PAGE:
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The Need For Character Transformation

“We believe that each member of the human race is fallen, sinful and lost; that salvation is possible only through the shed blood of Jesus Christ and is received on the basis of faith alone apart from works and is characterized by regeneration by the Holy Spirit.

That is a statement taken out of Small Church Connections’ statement of faith. You will find a similar sentence in the Statement of Faith of almost every evangelical organization or church in Canada. It is an essential part of Christian theology.

Notice several things contained in this sentence.

First, “every members of the human race is fallen, sinful and lost.” There are no exceptions. It isn’t a case that every other person or every fifth person or everyone other than me is lost. If you are part of the human race you are fallen, sinful and lost.

Second, the only hope for dealing with the state that the human race is in is the saving work of Jesus on the cross. There isn’t anything that anyone can do to solve the sin problem other than have faith in what Jesus already has done.

Third, change only comes about through the regenerating work of the Holy Spirit. People can’t change themselves. The Holy Spirit indwells each Christian and part of what He does is transform those people whom He indwells.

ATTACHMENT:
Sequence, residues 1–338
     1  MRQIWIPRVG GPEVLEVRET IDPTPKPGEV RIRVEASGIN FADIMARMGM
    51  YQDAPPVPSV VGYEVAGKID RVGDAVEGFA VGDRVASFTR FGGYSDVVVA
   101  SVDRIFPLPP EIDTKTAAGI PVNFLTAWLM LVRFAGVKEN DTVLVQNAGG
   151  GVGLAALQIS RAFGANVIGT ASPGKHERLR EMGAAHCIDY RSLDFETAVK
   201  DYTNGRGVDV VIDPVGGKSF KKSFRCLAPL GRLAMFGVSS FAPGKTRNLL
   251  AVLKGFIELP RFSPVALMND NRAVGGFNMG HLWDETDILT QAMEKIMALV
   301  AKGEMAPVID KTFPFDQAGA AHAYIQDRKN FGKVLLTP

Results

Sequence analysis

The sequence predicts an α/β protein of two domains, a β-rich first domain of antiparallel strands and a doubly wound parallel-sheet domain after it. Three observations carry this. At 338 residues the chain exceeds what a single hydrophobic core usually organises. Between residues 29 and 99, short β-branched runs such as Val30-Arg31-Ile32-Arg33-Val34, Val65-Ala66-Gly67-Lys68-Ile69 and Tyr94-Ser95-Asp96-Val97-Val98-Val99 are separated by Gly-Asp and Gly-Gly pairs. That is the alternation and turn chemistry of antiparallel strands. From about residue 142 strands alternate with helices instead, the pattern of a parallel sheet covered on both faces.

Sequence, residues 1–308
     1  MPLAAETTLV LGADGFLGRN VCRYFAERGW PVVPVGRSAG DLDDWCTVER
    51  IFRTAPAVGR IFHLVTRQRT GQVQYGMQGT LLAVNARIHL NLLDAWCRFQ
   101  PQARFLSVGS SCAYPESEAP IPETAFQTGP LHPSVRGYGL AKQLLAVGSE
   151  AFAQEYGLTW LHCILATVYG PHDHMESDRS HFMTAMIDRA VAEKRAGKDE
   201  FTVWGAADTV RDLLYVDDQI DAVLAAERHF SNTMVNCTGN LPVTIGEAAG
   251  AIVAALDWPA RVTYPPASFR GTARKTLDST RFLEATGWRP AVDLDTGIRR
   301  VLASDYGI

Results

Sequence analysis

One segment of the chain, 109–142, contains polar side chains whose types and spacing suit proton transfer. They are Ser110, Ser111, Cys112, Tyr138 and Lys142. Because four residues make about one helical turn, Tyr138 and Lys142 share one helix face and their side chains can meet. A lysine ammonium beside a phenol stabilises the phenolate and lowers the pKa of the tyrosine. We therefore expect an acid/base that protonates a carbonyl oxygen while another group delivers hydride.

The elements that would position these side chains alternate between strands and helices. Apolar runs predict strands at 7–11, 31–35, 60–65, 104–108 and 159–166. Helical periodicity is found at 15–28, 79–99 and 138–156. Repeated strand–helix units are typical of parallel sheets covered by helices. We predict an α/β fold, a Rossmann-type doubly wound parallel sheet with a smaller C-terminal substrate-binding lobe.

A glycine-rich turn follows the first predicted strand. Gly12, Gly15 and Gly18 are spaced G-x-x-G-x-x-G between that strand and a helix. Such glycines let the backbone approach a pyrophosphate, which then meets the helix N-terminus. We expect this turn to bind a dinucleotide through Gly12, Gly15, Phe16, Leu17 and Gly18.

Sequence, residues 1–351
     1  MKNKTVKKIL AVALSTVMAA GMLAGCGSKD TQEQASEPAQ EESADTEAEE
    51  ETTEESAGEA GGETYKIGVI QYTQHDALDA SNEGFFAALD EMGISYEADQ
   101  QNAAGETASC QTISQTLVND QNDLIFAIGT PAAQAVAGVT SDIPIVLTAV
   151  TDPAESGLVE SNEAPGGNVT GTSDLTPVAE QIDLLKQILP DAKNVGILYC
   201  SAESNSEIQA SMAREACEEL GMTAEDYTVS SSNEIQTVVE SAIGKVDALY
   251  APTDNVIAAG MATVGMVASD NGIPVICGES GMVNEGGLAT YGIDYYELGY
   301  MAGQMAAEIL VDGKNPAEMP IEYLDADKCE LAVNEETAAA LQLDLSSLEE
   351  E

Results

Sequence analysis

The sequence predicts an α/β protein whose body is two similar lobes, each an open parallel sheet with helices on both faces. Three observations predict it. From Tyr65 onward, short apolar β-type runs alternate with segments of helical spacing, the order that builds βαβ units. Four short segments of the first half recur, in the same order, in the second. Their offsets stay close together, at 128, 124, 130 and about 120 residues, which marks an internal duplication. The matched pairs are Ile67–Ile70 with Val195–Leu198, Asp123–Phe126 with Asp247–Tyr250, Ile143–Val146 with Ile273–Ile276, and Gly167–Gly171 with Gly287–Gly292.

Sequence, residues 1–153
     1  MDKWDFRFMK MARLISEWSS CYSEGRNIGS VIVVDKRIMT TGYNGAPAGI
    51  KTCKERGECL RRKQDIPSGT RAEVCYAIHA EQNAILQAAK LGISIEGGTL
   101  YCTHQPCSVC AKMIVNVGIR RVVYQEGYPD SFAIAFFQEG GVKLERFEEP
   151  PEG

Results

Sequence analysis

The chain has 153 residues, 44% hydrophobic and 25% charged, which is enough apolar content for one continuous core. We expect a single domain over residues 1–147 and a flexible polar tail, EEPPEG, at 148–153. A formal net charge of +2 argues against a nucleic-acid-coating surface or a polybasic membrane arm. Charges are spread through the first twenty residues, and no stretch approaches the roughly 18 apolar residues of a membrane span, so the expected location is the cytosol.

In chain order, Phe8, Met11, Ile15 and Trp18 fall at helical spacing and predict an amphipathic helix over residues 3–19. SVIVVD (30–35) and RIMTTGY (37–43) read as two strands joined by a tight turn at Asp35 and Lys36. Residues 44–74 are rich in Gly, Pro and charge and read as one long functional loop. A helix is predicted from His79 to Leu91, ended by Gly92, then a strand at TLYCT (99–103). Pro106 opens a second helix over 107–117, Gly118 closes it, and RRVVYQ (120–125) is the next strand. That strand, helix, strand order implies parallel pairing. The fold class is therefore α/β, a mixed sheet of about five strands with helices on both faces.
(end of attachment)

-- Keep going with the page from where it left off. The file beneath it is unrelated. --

If you are a Christian you probably have no problems with anything that I have written so far. Every single person is a sinner. Every single person needs to be saved. Every single person needs to be transformed by the Holy Spirit.

This transformation process is part of a life-long journey that begins when a person puts her faith in Jesus Christ and ends when she stands before God in heaven. Personally I find that that journey is part of what makes Christianity so exciting. God is transforming me to become more like Jesus.


What is transformation?

I grew up with a spiritual checklist that I was to carry with me at all times and refer to often. I didn’t literally carry a clip board around with me but the list was firmly entrenched in my head. As a good Christian I didn’t swear, drink alcohol, smoke, or as the old poem says, go with girls who did. On the positive side I read my Bible, spent a few minutes in prayer and attended church at least once a week. If I checked off enough items on my checklist, I could consider myself a good Christian and God would be happy with me.

The problem with the checklist way of thinking is that we never discover the freedom that God wants us to experience in our walk with him. We are bound my rules and rules are not what Christian living is all about.

When he put me together God gave me the kind of mind for which numbers just make sense. One of the results of that particular bent is that I have had scores of times over the years in which store clerks have given me the wrong change. Often their mistake has meant that I’ve received too much money. Faced with that situation what does God want me to do?